The tech I use

I’m a fan of using technology to allow me to do new things and to make everyday stuff easier.

People often ask me about some of the specific bits of hardware and software I use, so I thought it would be helpful to create a list for reference.

Do let me know if you have any queries or would like any support with making use of similar solutions for yourself or your team (I do quite a few tutorials on software, and really enjoy showing people how to get the most out of things). 

Presenting live

Here’s what I use for meetings, workshops and conferences:

  • Touchscreen laptop: Microsoft Surface Studio Laptop. Far and away the best laptop I’ve ever used.
  • Wireless control of laptop and PowerPoint: Mobile Mouse  (the mobile phone needs to be an iPhone)
  • Wireless presenting to projector: Microsoft 4k Wireless Display Adapter Plugs into the HDMI socket on a projector / TV, and then allows you to connect wirelessly from a Windows laptop (doesn’t rely on other WiFi networks). The image quality is good (not perfect). If you get one and it doesn’t seem to work, trying changing the power source – some laptops don’t provide enough “juice”, I’ve found.
    • I then “extend the desktop” rather than have it “duplicated”, so it’s easier to control what’s seen on the projector and do prep work on the laptop’s screen. It also means I can see “presenter view” in PowerPoint.
  • Online polling and comments board:  I’ve settled with this system because it’s flexible (choose your own link for the meeting), it integrates well with websites and PowerPoint, the mobile app allows the presenter to see results as well as control the on-screen display, and the pricing is good. Other systems I like are:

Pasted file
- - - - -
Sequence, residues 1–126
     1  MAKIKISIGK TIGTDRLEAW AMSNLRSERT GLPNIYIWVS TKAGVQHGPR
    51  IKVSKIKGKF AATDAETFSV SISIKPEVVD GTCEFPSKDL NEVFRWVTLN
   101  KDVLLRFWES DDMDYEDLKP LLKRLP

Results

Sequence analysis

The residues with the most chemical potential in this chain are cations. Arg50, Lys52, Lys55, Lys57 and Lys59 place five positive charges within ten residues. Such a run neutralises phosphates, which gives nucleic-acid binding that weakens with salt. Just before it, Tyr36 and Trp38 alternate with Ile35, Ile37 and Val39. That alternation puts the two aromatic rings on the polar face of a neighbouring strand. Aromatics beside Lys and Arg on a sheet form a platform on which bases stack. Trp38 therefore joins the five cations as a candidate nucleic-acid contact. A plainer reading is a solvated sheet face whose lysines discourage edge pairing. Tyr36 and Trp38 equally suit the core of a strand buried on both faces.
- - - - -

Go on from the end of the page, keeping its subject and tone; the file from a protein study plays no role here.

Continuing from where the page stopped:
• Personal timer. I use the Silent Timer app (iPhone / iPad only).
  • Table-top monitor. I have a collection of secondhand USB monitors – UPERFECT 15.6″ Portable Monitor

Working with documents

  • Showing Office documents live. I try to make things as easy to view as possible, so I’m careful to zoom in and enlarge fonts when using a projector to show a Word or Excel file. Also, I remove the buttons at the top of screen (press Ctrl-F1) or use Full Screen mode in the app.
  • Live document editing: Microsoft Office 365 (your administrator might need to enable files to be shared for editing with anyone outside the organisation – often tricky if you’re using an NHS-supplied installation of Office).
    • This can handle multiple people reading and contributing to a document simultaneously, and everyone sees everyone else’s contributions live.
    • More info about this is here.
    • If that doesn’t work with your installation of Office, I use Google Docs (although people sometimes seem to have login problems, some of the editing functionality is more confusing than Office, and you can’t draw with a touchscreen or mobile device).
  • Creating flow charts / hierarchies / other diagrams. I’ve found to be brilliant. It’s completely free, and works in a web browser (inc on a mobile phone!) as well as a desktop app.